This post about freebies usually appears on Fridays. In honor of a great week by all who have contacted Good Genes Genealogy Services, here’s your day-before treat:
During January and February 2022, the Good Genes Genealogy Services team provided five (5) workshops. The free workshops for the DeKalb County Public Library, and the Saturdays-in-February workshops where the proceeds are fully donated to our host, Hillside International Truth Center, certain references were named.
The following is a compilation of the referenced genealogy materials:
Release of the 1950 U.S. Census records, April 1, 2022. 1950 Census on Track for 2022 Release, Despite Pandemic | National Archives
Free or Limited Trial Genealogy Sites (a sampling)
This site is dedicated to genealogy research for African Americans. https://afrigeneas.com
According to its website, “Ancestry.com LLC is an American genealogy company based in Lehi, Utah. The largest for-profit genealogy company in the world, it operates a network of genealogical, historical records, and related genetic genealogy websites.” https://ancestry.com
African American Genealogical Research How to Begin – African American Genealogical Research – Research Guides at Library of Congress (loc.gov)
Part of the Library of Congress website, Chronicling America has searchable images of US newspapers from 1792-1963. https://chroniclingamerica.loc.gov
It is based in the UK and already has released the 1921 Census. The site is a compilation of media and government reports. There is a 14-day free trial. https://www.findmypast.com/
Search over 10 billion global historical records, birth, marriage and death records from 32 countries, 25 million pages of historical newspapers dating back to 1803, and more than 6.3 billion names – all with a 14-day free trial. Use it free for two weeks and cancel if it’s not for you. https://www.myheritage.com.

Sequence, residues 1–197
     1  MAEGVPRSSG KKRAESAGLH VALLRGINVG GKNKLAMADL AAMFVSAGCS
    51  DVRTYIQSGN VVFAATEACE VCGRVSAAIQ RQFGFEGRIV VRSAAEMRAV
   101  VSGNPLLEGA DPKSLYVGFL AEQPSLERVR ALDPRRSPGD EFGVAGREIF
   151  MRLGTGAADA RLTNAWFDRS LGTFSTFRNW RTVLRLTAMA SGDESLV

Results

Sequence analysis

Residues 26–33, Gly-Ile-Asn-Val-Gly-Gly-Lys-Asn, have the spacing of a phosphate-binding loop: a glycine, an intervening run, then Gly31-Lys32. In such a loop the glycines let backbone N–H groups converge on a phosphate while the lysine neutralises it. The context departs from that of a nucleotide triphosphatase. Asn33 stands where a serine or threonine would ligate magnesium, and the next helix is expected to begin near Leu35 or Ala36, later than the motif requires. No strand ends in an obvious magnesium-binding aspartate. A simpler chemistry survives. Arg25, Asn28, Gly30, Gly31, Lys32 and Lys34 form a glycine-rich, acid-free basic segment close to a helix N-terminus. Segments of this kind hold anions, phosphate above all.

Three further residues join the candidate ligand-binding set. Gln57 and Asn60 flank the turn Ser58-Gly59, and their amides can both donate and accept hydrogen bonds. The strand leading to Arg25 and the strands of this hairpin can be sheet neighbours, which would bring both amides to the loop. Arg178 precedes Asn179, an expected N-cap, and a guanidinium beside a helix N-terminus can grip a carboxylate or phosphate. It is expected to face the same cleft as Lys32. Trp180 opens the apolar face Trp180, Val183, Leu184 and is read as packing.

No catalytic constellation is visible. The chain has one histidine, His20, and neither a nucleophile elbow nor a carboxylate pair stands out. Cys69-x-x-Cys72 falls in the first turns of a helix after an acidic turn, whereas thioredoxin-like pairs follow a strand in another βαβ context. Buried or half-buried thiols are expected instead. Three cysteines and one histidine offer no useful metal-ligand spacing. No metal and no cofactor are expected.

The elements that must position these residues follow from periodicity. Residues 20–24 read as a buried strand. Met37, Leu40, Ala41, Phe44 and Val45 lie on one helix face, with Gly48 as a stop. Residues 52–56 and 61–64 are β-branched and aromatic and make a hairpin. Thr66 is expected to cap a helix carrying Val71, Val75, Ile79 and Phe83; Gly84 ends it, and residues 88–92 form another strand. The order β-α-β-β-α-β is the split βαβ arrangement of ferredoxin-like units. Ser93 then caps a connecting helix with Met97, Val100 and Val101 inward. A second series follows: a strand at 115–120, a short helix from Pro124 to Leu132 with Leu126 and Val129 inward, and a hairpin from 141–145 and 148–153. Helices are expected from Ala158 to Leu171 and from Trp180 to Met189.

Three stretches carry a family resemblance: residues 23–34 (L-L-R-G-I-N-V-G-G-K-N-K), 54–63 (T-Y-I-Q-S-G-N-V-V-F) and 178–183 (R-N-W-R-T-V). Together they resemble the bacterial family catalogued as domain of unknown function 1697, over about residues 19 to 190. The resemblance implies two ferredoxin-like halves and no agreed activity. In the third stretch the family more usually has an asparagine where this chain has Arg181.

The USGenWeb Project is comprised of volunteers who provide free genealogy websites for genealogical research in every county and every state of the United States. It is a non-commercial site and wants to provide free genealogy access for everyone. http://www.usgenweb.org/
Access free digitized images of newspapers, books, films, maps, personal narratives, photos, prints, and drawings.https://www.archives.gov/
This site is free, yet it does ask if you wish to make a donation to keep its access free. Here’s the website announcement “Trace your roots for FREE with our searchable database containing thousands of identified and mystery photos for genealogy enthusiasts looking for long-lost family. Anyone who finds a photo of a direct ancestor that is owned by the archive will receive the photo for free. If the historic photos you find pique your interest in genealogy, you can continue your research by doing a family search here.” https://deadfred.com/
If your ancestors were Jewish, this website has more than 20 million records from all over the world to help you trace your Jewish heritage. https://www.jewishgen.org/
Access free digitized images of newspapers, books, films, maps, personal narratives, photos, prints, and drawings. Home | Library of Congress (loc.gov)
This is an activist group of historians, genealogists, researchers, and open government advocates, Reclaim the Records identifies information that should be in the public domain but has been restricted by the government, archive or library that holds it. https://www.reclaimtherecords.org
This site bills itself as “ConferenceKeeper.org is the most complete calendar of genealogy events — anywhere! Here you will find hundreds to thousands of genealogy webinars, workshops, seminars, conferences, podcasts and more, from genealogy societies, libraries, and other organizations all around the world.” It’s true. https://conferencekeeper.org/conference-keeper/